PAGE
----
By me and originally written for Passionweiss
Heavily inked, emotionally scarred and fresh out of the slammer, Kevin Gates returns with 16 bi-polar bangers. By Any Means is less personal than last year’s Stranger Than Fiction and The Luca Brasi Story, but the Louisiana’s rappers remains one of the best young gangsta rappers this side of the Mississippi. Gates has the hooks, the singing, the story and the passion. Of course, it helps that he’s been blessed with the rare combination of versatile vocal chords and awareness of how to use them. From his threatening croak on standout “Homicide” to the palpable sincerity on “Movie,” KG is as far removed from one-dimensional MCs as it gets.
The 28 year old also defies the tradition that rappers need to be invincible. His willingness to showcase flaws is a large part of what makes his music compelling. Gates covers depression, anxiety, self-doubt and a slew of other pitfalls rarely touched on in rap. Add in his penchant for including vivid real life details from his turbulent past and you’ve got a killer combo. Whether it’s because he’s attempting to make a mainstream friendly project or because he’s saving material so that the relentless mixtape circuit doesn’t end in creative burn out, these details aren’t quite as apparent on this record as they were on his 2013 output. There are no epic tales of attempted murder by best friends like “4.30am” or cinematic true-life tales of crime ala “iHop” on here. You’ve got to listen a little closer, but it’s worth the effort.
Gates adds humanity to what could have been a generic hustling theme on “Wish I Had.” Instead of lazily attributing his motivation to the American Dream aka wanting to get rich, he phrases the chorus in a more relatable way and it takes on a redemptive quality. “Out my window, I see everything I dream about and wish I had.” During the song, he also acknowledges his self-consciousness at being a two-time felon, desperately wanting to write a hit and being a good person that can transform in the wrong circumstances.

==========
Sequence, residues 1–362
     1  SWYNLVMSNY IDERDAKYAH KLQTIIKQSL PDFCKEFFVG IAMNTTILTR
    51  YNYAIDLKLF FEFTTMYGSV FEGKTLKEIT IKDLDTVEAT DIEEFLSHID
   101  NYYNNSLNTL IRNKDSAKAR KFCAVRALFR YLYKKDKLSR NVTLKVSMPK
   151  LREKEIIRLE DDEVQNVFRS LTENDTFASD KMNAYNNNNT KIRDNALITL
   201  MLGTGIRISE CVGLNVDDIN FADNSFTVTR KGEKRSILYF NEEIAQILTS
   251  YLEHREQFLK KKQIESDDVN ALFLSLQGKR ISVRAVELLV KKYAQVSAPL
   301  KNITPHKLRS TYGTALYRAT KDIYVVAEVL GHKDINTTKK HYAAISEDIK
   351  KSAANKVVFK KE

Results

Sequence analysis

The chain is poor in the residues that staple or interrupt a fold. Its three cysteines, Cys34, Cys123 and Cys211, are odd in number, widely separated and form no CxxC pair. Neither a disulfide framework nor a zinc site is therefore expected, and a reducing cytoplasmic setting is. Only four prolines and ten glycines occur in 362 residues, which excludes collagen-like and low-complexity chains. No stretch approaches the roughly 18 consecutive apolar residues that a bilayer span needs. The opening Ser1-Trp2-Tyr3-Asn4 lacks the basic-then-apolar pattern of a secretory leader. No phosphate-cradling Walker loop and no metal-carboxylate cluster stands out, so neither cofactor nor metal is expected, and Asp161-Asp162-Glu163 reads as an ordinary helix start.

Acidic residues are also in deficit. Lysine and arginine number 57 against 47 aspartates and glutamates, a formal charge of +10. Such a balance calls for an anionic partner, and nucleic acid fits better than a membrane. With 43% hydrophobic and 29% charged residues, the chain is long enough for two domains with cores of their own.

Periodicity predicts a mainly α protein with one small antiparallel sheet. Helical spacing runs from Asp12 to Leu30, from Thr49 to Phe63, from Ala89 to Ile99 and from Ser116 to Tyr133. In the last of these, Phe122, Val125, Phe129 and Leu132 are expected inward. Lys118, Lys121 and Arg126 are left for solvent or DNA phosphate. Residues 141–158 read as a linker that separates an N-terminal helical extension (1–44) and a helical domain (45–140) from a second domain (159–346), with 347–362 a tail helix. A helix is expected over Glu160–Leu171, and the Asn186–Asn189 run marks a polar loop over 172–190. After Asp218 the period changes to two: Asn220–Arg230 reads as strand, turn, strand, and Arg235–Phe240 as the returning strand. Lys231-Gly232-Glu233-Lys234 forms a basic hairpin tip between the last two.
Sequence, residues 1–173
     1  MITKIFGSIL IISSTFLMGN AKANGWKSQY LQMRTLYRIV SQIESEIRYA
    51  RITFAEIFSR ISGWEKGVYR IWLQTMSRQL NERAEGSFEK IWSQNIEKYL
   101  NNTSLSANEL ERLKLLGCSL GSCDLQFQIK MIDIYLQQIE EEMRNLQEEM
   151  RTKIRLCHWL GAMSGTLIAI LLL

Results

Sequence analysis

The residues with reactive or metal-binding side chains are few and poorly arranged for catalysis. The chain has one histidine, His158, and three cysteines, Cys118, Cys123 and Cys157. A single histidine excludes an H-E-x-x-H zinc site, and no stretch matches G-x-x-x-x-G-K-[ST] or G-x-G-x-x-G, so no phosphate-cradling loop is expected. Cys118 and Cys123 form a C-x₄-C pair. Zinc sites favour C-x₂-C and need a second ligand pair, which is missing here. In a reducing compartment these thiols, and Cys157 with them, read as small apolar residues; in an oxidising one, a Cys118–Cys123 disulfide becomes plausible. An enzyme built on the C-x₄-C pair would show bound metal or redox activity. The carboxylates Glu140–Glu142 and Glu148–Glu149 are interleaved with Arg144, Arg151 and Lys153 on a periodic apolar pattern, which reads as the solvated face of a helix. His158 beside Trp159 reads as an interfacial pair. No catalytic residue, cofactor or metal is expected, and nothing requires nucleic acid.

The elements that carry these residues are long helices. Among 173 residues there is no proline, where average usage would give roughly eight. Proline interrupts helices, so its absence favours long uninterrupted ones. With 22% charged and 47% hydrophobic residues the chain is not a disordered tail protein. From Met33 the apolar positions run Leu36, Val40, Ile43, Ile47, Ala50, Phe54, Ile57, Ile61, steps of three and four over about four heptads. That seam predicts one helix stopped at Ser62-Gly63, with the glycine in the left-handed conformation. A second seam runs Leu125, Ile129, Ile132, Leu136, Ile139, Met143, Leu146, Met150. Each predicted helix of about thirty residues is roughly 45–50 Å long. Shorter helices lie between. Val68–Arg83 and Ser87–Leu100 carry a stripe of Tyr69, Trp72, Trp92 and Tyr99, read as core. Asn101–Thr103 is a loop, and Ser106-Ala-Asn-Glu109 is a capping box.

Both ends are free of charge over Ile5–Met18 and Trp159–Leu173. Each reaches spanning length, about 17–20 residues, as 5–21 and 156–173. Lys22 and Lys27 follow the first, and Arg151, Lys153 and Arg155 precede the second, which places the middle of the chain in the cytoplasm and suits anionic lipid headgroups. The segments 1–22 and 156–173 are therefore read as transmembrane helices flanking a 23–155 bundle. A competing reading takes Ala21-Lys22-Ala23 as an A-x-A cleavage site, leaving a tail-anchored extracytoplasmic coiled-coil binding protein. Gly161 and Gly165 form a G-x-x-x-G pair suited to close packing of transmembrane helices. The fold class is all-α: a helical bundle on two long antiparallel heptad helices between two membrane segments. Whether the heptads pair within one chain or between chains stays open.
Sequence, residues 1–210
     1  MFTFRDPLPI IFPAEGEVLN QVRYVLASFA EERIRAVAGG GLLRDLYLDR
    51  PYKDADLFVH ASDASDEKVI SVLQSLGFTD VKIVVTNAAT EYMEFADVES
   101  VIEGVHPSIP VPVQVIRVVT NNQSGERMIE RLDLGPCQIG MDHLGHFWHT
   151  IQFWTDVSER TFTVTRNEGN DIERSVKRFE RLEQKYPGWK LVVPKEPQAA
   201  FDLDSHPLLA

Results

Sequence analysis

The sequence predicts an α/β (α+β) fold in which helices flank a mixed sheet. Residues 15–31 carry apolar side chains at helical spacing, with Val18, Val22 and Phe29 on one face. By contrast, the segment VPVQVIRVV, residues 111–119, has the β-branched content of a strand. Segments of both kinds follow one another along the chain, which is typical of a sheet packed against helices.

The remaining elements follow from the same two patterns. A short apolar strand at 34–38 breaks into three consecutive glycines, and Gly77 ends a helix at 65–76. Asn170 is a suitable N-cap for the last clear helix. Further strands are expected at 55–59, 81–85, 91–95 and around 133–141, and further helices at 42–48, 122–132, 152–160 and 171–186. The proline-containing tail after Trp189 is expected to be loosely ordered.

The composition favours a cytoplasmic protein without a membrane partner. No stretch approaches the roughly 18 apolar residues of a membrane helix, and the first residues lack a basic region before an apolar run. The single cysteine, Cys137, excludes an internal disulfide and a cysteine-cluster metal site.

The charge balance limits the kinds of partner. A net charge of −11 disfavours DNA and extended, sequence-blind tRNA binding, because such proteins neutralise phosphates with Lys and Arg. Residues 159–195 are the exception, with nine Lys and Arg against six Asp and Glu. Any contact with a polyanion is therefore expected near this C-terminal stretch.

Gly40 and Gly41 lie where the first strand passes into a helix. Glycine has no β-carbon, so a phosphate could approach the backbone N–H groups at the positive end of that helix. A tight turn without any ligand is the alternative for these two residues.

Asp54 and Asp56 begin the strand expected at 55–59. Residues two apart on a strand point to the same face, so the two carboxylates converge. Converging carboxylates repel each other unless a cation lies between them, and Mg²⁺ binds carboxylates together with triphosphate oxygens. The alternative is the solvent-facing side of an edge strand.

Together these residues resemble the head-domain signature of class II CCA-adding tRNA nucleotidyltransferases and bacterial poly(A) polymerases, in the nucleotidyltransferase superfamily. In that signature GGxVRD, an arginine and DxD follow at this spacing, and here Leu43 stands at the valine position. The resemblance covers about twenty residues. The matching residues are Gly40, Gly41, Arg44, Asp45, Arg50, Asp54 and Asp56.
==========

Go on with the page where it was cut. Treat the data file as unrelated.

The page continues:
Later on “Sposed to Love” there’s more mention of this duality of character and the imperfection he’s willing to display on record. Gates is passionately in love and deeply offended when his partner doesn’t answer the phone, but he’s also bordering on the obsessive and admits to hitting her in the heat of the moment. The realistic portrayal of domestic violence undoubtedly makes it the most divisive track on the album. Some listeners may feel he’s condoning this behavior as he comes across as cocky rather than apologetic, but references to Chris Brown, stalking and jail make it clear he’s aware of his moral wrongdoing.
Musical psychoanalysis aside, this tape is also trunk rattling. Get Em Gates understands the quandaries presented by turning down for no good reason. As one of the chosen few who isn’t overshadowed by Juicy J and 2 Chainz on his own jams, he can rap with the best from planet Versace. Despite his currently unproven mainstream appeal, “Don’t Know” and “Arm And Hammer” have the type of hypotonic hooks you’ll find yourself accidently reciting during work meetings or on the subway. Along with his chameleon vocals and a healthy dose of neuroticism, part of what makes Gates listenable is his varied delivery style. He’ll switch flow several times, moving within seconds from Migos inspired double-time to shouting threats down your ear canal.
With a hulking audio presence, Gates doesn’t need to rely on features and thankfully he hasn’t succumbed to this cheap tactic. For the most part, the guests are used sparingly and fit in nicely. The late Doe B in particular shines with his effortless flow during “Paranoid,” making it all the more obvious the world was robbed of the 22 year old’s potential. Then of course, there’s Plies. He doesn’t quite ruin “Keep Fucking With Me” by spitting a marble mouthed verse, but he definitely comes close.
Being locked up on a three-year gun charge partially derailed Gates’ career during the mid-2000s. But he also claims long periods in jail gave him the opportunity to form his unique rhyming style. In an interview with HipHop Dx, he said prison changed his attitude toward music too “I want the Rap game when I come home. You never know how much something means to you until you can’t do it. “Personal issues have made him both great and imperfect. Few have a darker past than Kevin Gates, but few have a brighter future.